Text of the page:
So far, I’ve managed to make it through life without needing to undergo a magnetic resonance imaging scan.
I’ve heard the experience can beÂ rather, uh, claustrophobic. Although I’m usually OK withÂ confined spaces, I’m not sure I’d like the sensation of being enclosed inÂ the noisy metal tunnel of the MRI machine.
Multiply the “not like” factorÂ by 10 times or so and youÂ might have an experience like this one described by Dr. Allen Roberts, an ex-Marine, emergency room doctor and blogger from Texas whoÂ goes by the name of GruntDoc.
Dr. Roberts recently needed an MRI of his shoulder. He didn’t think the scan was going to be a big deal. He was even rather amusedÂ when the technologists “gave me a little black bulb ‘to squeeze if there’s a problem.'”
Then came the trip into the tunnel:
…The first thing I thought of, looking at the fiberglass tunnel lining with two light strips embedded in it was HAL from 2001, which is weird.Â Then I realized my heart rate was up, my hands and feet were sweating.
“Wow, this isn’t going to happen to me, is it?” was the higher-brain function; “get me the heck outta here” was what my midbrain was yelling. I’m a rational guy, so I can think my way through this.
Just by putting my chin on my chest I can clearly see I’m out of the tunnel from the knees down, I can see the control room windows, I could relatively easily wriggle out. “Not. Having. It,” sayeth the midbrain, and by this time the lower functions have decided to side with the midbrain, now I’m starting to hyperventilate, a little, and the upper brain had a realization that’s never happened before: “You’re not going to reason yourself through this, and you’re going to have a full on panic attack if you don’t get out of this tunnel.”
The techs quickly slide him out, he apologizes, declines a chance to try the procedure again and goes home humiliated. He writes: “I’m a middle aged man, a doctor, I knew what this would be like, and it went almost as poorly as it possibly could.”
There there, Dr. Roberts. Welcome to the club.
Medical care, let’s face it, often involves exposing patients to sights, sounds and experiences that can be unsettling and even trigger panic. Take MRI claustrophobia and anxiety, which are thought to occur among somewhere between 1 percent and 5 percent of patients. Some patients get so anxious that, like Dr. Roberts,Â they have to be removed from the machine before the scan is completed.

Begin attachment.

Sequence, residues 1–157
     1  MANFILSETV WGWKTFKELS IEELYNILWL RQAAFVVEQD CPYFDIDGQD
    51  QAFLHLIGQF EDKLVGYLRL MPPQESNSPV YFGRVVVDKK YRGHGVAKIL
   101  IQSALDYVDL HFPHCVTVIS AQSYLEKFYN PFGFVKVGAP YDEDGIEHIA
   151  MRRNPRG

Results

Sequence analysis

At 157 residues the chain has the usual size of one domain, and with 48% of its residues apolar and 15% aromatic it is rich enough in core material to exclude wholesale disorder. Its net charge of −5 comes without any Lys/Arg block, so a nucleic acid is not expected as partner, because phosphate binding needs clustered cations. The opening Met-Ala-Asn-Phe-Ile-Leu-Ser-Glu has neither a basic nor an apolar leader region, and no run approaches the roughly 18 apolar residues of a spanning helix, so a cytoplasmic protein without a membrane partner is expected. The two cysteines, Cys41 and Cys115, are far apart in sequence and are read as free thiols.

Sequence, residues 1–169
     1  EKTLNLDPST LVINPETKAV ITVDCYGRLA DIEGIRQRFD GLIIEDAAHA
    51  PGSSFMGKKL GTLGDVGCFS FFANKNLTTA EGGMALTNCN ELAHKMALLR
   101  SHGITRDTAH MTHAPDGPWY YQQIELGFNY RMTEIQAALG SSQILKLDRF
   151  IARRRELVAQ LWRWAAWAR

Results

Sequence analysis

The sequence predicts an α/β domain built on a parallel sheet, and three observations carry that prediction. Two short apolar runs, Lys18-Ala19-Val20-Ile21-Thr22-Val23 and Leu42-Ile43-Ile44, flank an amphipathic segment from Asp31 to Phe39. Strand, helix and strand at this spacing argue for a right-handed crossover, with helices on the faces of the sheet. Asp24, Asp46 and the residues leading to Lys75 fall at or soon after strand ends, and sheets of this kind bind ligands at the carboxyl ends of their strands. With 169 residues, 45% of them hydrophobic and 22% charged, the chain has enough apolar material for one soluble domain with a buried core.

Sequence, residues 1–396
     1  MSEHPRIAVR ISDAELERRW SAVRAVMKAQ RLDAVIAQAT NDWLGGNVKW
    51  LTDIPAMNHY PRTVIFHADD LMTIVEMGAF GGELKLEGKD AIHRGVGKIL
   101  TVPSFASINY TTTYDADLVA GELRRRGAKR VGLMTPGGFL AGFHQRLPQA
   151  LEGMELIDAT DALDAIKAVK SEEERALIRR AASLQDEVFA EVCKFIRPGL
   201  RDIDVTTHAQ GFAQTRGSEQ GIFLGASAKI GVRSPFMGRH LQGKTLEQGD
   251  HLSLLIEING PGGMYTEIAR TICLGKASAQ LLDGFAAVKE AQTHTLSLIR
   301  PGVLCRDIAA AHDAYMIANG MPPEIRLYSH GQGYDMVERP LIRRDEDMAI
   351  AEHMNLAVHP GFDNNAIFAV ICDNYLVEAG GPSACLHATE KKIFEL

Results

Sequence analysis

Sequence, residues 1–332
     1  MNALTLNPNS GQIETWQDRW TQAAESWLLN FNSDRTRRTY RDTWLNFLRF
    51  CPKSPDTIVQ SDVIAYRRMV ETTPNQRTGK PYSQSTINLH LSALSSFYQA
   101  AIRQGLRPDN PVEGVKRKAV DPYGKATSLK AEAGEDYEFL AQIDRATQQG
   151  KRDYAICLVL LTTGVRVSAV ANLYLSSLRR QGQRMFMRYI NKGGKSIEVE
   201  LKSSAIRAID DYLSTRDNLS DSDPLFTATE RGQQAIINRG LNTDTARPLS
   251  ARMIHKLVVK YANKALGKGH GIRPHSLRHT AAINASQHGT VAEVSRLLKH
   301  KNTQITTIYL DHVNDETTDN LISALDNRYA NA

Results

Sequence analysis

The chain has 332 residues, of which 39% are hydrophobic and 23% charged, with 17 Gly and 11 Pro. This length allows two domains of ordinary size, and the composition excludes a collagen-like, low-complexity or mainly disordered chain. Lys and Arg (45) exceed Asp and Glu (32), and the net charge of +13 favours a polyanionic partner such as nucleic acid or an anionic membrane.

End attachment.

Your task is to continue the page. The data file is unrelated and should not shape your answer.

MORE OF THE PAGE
When I blogged last year about needle phobia, I heard from someone whoÂ can’t tolerate needle procedures unless she’s fully sedated.
And what about fear of blood? Or dental procedures? Or anesthesia? It’s not always clear how prevalent these phobias are because these people, understandably, tend to avoid settings that can trigger their fears. Their reluctance to see a doctor or dentist can sometimes be exacerbated by clinicians who are impatient or dismissive of them for being “irrational.”Â The woman with needle phobiaÂ probably speaks for many of them:
Â I try to negotiate with medical providers on alternatives, but somehow they think if they reject my reasonable accommodations, I will agree. I wonâ€™t. I will forgo treatment or diagnostic procedures if they involve a needle unless I am sedated. Fact is, most of the medical profession has no clue that people like me (and there are lots of us) exist since their close-mindedness has resulted in our avoiding even presenting ourselves for medical advice. My hope is that â€“ somehow â€“ those like me can connect and speak with a unified voice in favor of revised protocols that accommodate our condition. Otherwise, most of us are destined to shortened lives due to lack of medical care.
GruntDoc’s experience prompted several of his blog visitors to relate similar stories about their own encounters with the MRI machine. One person had a few flashes of panic, “though not enough to pull me out of the tube.” From someone else: “Didn’t have a clue that I was claustrophic and laughed at the possibility. Never even got started. Freaked out all the way home.”
There are ways, of course,Â to make an MRI scan more tolerable. Sedation can help; so can placing the patient in a prone position, or lying face down, if this is feasible. Ear plugs, music and sleep masks also can help distract the patient and make him or her feel slightly less trapped in the MRI tunnel.
As for Dr. Roberts, his brief trip intoÂ MRI land was eye-opening. “I now have more empathy for those who tell me they’re claustrophobic in the MRI tunnel (I have ordered sedation liberally before, and will continue to),” he writes. “But, I always thought, in the back of my head, ‘what’s up with that?’, and now I know. In spades.”
Image: “The Scream,” Edvard Munch,Â from a series of paintings and prints, 1893-1910